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Discussion on: The ONE chart every developer MUST understand

bosepchuk profile image
Blaine Osepchuk Author

I read your links and I largely agree. I've seen lots of articles like Fowler's. They make their case with logic and appeals to common sense, which is okay but I wanted my article to be backed by data. It took a while to find these books and it took even longer to read them but I'm happy with the results.

Depending on exactly what you meant with your TDD comment, I don't think the authors of either book would readily agree. If you have a low quality development process on two teams and one team does TDD and the other team writes their tests after they write their code, you probably won't see much difference in the quality of the final product. It will be low in both cases. After all TDD won't catch requirements errors, which account for about 60% of the delivered defects in most projects.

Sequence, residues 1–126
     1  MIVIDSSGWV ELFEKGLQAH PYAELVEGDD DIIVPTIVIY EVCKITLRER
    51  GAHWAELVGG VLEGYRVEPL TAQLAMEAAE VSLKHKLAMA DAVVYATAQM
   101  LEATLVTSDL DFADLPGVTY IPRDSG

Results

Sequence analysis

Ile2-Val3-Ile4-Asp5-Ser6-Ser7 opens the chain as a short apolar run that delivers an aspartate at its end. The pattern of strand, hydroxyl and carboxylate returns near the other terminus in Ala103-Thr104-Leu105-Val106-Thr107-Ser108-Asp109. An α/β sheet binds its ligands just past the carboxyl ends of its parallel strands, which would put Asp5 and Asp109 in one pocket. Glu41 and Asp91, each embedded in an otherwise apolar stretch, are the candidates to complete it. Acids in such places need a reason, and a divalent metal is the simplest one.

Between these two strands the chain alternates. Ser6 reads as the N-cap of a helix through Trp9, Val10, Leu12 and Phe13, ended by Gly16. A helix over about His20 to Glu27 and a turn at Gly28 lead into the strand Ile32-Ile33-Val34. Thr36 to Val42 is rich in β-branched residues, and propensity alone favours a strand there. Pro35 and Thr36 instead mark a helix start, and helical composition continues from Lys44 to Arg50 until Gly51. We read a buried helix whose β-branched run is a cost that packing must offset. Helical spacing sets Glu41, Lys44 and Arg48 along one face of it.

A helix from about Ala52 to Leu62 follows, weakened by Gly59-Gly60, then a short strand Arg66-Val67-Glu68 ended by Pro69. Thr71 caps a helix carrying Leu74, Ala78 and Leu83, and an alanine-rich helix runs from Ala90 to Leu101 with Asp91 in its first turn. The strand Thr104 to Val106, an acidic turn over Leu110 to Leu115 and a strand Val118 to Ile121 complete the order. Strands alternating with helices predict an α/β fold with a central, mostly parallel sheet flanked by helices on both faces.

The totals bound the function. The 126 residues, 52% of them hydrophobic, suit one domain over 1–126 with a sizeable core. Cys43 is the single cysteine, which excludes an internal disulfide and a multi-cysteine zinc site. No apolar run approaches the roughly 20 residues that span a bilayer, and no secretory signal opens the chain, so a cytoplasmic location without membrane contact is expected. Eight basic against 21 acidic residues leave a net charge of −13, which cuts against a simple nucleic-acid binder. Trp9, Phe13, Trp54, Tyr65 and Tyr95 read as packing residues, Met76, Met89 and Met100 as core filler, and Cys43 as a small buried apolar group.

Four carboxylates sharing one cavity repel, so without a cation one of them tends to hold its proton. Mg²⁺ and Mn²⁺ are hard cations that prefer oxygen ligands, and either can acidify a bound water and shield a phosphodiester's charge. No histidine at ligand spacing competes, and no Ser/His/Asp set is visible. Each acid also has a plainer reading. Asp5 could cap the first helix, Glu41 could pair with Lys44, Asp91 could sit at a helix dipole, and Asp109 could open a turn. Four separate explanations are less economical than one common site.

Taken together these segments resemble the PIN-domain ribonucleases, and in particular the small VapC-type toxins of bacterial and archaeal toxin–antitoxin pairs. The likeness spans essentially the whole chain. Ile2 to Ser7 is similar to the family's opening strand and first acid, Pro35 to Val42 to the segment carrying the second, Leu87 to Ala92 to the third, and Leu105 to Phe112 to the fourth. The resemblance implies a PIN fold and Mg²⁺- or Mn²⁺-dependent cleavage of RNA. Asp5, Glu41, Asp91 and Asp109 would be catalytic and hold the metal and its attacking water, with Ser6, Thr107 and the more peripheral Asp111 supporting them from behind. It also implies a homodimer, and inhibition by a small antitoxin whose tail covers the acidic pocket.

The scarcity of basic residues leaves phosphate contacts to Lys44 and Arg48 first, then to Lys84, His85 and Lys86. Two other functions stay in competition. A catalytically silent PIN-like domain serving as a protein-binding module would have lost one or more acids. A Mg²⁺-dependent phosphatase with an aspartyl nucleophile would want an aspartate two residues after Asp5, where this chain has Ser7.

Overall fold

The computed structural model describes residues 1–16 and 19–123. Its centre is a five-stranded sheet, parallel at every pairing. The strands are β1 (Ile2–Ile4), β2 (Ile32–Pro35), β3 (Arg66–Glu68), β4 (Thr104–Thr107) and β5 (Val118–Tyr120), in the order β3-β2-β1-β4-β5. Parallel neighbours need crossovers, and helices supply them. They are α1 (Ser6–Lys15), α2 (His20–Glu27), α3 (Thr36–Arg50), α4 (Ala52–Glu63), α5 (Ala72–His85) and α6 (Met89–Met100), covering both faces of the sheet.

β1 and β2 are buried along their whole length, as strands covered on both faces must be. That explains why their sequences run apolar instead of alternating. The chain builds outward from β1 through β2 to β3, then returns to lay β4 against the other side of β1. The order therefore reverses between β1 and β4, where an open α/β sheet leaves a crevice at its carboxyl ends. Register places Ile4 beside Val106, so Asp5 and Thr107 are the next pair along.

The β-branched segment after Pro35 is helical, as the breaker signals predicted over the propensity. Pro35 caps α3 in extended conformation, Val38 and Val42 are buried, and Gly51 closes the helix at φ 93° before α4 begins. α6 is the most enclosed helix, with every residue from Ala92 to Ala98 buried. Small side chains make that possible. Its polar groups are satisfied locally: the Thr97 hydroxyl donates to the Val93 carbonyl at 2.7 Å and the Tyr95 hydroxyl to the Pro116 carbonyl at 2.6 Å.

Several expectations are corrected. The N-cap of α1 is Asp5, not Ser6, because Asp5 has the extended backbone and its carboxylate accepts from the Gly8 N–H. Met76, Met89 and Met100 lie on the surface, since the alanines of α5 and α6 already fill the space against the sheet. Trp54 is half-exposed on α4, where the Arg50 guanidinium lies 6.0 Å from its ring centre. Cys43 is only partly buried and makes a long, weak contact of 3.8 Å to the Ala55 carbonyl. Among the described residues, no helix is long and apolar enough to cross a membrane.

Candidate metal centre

But TDD could be a beneficial component of an overall quality program that stresses defect prevention and early defect detection and removal. That kind of development strategy will likely produce higher quality software than a team that focuses on a more informal development process and then hopes to find and fix defects to drive quality into their project at the end.


mbjelac profile image
Marko Bjelac

I agree with your view that TDD alone isn't enough. I suppose that by TDD you mean unit (micro) level TDD.

I use the term more broadly to include the BDD process - a form of requirements gathering which ensures (at least) that:

  • requirements are properly analised and backed by examples
  • every feature has an automated "done" flag which devs can use to know when the feature is implemented
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bosepchuk profile image
Blaine Osepchuk Author

I'd assume micro-level TDD as well but the authors didn't specify. BDD existed in 2011 (when the book was published) but just barely and it wasn't very popular yet.